A lot of people procrastinate when it comes to estate planning because they don’t know where to begin. In this post, we are going to share five questions you can ask yourself to provide a starting point as you enter into the estate planning process.
Are my heirs ready to handle their inheritances?
This is a foundational question that everyone should answer before they make any estate planning decisions. You do not have to use a will that allows for all of the assets to be distributed to the inheritors in lump sums.
You could alternately establish a revocable living trust with a spendthrift provision. The beneficiaries would not be able to access the principal, and their creditors would be the same position so the assets would be protected.
When you create the trust, you name a trustee to serve as the estate administrator. You can dictate the terms of the distributions that the trustee will make to the beneficiaries.
If you want to provide a limited amount every month for a prescribed period of time, you would have the ability to set the terms. This is just a single example, but you would have the power to set any terms that make you feel comfortable.
Will my estate be subject to taxation?
Most of the news about taxes on inheritances is good. A direct inheritance received through the terms of a will is not considered to be taxable income by the IRS or the state tax authorities.
Distributions of the principal in a living trust are not taxed, but the earnings are subject to taxation. The beneficiary of a Roth individual retirement account would receive distributions in a tax-free manner, but traditional IRA beneficiaries have to pay taxes when the distributions come out. The income on non-IRA annuities is also taxable.
Appreciated assets get a stepped-up basis at death. An inheritor would not be responsible for paying taxes on capital gains that accumulated during the life of the decedent.
There is a federal estate tax, but most people do not have to be concerned about it because there is currently an $11.7 million exclusion. This is the amount you can transfer before the estate tax would be applicable on the remainder. There are legislative proposals to reduce that exclusion amount so that could change.
Some states have state-level estate taxes. We have offices in North Carolina and Kentucky, and there are no state-level estate taxes in these states. However, if you own valuable property in a state with an estate tax, it could apply to your estate.
There are just six states that have inheritance taxes. This is a tax that can be levied on transfers to each individual nonexempt inheritor. Kentucky is one of the states, but a surviving spouse, parents, children, grandchildren, and siblings are exempt.
Should I address long-term care costs?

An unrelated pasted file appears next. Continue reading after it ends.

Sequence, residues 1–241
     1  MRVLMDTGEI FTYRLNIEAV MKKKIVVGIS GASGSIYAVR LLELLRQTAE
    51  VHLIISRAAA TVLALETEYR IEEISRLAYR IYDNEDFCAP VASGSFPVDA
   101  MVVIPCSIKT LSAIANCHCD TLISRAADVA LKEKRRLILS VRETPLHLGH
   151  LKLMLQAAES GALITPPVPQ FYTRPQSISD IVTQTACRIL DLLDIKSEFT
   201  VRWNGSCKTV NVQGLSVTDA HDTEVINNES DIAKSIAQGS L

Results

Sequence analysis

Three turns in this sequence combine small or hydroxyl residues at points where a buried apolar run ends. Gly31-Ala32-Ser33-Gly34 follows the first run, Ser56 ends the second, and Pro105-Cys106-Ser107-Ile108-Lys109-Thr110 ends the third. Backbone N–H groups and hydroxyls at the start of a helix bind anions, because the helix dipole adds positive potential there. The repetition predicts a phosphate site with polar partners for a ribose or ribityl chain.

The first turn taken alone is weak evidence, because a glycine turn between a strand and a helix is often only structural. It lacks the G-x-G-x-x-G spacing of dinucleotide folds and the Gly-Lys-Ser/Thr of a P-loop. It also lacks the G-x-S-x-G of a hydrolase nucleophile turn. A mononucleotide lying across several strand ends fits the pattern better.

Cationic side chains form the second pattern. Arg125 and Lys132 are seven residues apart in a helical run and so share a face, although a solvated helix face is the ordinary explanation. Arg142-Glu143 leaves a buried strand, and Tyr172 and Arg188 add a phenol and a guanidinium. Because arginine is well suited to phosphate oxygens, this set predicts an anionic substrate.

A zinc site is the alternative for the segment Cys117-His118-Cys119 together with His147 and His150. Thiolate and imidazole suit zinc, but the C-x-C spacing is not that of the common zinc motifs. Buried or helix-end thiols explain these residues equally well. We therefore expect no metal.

Most senior citizens will need some form of living assistance, and 35 percent of elders will require nursing home care. Long-term care is very expensive, and Medicare does not cover custodial care.
The costs could potentially consume a significant portion of the financial legacy that you want to pass along to your loved ones. Medicaid will cover long-term nursing home costs, and it is possible to use an irrevocable trust to protect assets while making it easier to qualify.
Who will act on my behalf if I become incapacitated?
Cognitive impairment is common among elders, and some people become unable to manage their affairs because of physical ailments. If you do not take the right steps in advance to address this possibility, the state could appoint a guardian to act on your behalf.
You can take the matter into your hands if you execute the appropriate incapacity planning documents. If you have a living trust, you can name a disability trustee to act as the administrator in the event of your incapacity.
For property that is not in a trust, you can designate an agent in a durable power of attorney for property. Another durable power of attorney can be added to name someone to make medical decisions on your behalf, and you can state your life support preferences in a living will.
Schedule a Consultation Today!
The last question to ask yourself is this: why go through life without an estate plan when help which is just a phone call away?
If you are ready to stop the procrastination, you can schedule a consultation appointment at our Charlotte, North Carolina or Huntersville, North Carolina estate planning office if you call us at 704-944-3245.
The number in Ashland, Kentucky is 606-324-5516, and the number in Florence, Kentucky is 859-372-6655. You can also fill out our contact form if you would rather send us a message.